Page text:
One of the biggest HIV/AIDS awareness efforts in the hip-hop community was launched because of the song “Let’s Talk About Sex,” which was hailed as having changed rock and roll music. Still, there was resistance, and as the lyrics foretold, several radio stations refused to play the music as it was considered “taboo.” Why? Because it had the concept of women talking about sex!
People continue to feel uncomfortable with the concept of women being upfront about their sexual wants and behaviour, and women frequently face criticism for claiming their own bodily and sexual autonomy. Team Manzuri is dubious if the widespread belief that women should behave as “ladies” in public and “freaks” in bed hurts us far more than benefits.
What does ‘Lady in the streets, freak in the sheets’ mean?
Many of us have been deterred from discussing some of the negative experiences we’ve had and from asking vital questions about sexual health due to the shaming of women into silence.
Without taking into account the fact that there is nothing wrong with being sexually open, we frequently refer to sexually active young females as “quick” and blame them for misguiding men. Then, girls and women who are classified as ladies or freaks are frequently given values for committed relationships or casual sex relationships in accordance.
Many of us have been deterred from discussing some of the negative experiences we’ve had and from asking vital questions about sexual health due to the shaming of women into silence. Without taking into account the fact that there is nothing wrong with being upfront about being sexually open, we frequently refer to sexually active young females as “easy” and blame them for causing others to lay eyes on them. Then, girls and women who are classified as ladies or freaks are frequently given values for committed relationships or casual sex relationships in accordance.
The representation of this sexual binary in pop culture
Women have frequently been portrayed in binary ways all through the history of Western popular culture in order to support gendered power systems and promote an overly simplified view of femininity. These representations are frequently associated with religion and attempt to classify women as “good” vs “bad” females or “sinners” against “saints,” with the designations being based on a woman’s sexual behaviour.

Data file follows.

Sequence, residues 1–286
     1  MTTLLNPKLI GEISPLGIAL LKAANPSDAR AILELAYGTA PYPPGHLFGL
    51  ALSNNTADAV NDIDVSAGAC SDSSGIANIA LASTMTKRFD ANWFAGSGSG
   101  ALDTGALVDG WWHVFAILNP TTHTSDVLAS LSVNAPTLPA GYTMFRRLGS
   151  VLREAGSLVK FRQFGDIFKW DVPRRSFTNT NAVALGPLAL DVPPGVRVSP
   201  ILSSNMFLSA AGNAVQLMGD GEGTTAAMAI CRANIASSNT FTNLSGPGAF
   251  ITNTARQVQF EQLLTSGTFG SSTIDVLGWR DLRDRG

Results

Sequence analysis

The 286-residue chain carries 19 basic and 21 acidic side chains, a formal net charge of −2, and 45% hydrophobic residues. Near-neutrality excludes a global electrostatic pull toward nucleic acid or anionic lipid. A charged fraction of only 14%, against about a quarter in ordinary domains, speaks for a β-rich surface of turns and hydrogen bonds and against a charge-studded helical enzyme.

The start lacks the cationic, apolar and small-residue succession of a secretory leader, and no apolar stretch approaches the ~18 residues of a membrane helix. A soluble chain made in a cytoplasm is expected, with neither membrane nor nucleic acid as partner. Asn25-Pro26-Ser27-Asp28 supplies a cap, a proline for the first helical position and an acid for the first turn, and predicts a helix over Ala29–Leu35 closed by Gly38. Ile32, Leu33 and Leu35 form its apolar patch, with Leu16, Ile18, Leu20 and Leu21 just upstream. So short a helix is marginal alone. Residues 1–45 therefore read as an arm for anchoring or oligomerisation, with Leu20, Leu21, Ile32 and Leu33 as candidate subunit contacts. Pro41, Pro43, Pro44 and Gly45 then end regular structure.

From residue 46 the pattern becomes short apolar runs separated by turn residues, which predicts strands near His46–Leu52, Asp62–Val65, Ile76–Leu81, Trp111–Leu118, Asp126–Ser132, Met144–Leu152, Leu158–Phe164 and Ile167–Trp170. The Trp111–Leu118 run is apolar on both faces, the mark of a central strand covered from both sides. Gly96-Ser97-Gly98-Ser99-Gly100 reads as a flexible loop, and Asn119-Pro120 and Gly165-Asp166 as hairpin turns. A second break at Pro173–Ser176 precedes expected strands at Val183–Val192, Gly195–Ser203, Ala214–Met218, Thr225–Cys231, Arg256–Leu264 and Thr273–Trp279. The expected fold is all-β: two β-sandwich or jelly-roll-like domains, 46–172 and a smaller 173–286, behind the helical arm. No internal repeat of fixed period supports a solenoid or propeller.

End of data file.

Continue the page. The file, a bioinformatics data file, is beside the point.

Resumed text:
The wicked girl engages in sexual activity whereas the virtuous girl refrains from having sex and remains chaste. The “good” VS. “bad” sorts of women are frequently discussed in songs in the commercial music business, which actively promotes this dichotomy. For instance, Avril Lavigne’s song “Skater Boi” describes the fateful loneliness of a “bad” girl who rejects Lavigne’s love interest because she believes she is “better” than him. The song ends with Lavigne, the “nice” lady, gaining the man’s love and teaching the audience a moral lesson about the perils of friend-zoning men. Lavigne sings, “She had a pretty face but her head was up in space. She needed to come back down to earth.”
Pink’s song “Stupid Girls,” which describes “porno paparazzi” girls as a “disease” or “epidemic,” is another illustration of this. Here, it is implied that women who partake in stereotypically feminine activities—the film depicts highly makeup-ed ladies having pedicures and spray tans—should be mocked and dismissed as one-dimensional, fickle, and stupid. Both songs really perpetuate the virgin/whore duality by pitting “intellectual” females against “feminine” ones, with the implication being that the others are always openly sexual and, as a result, “evil.”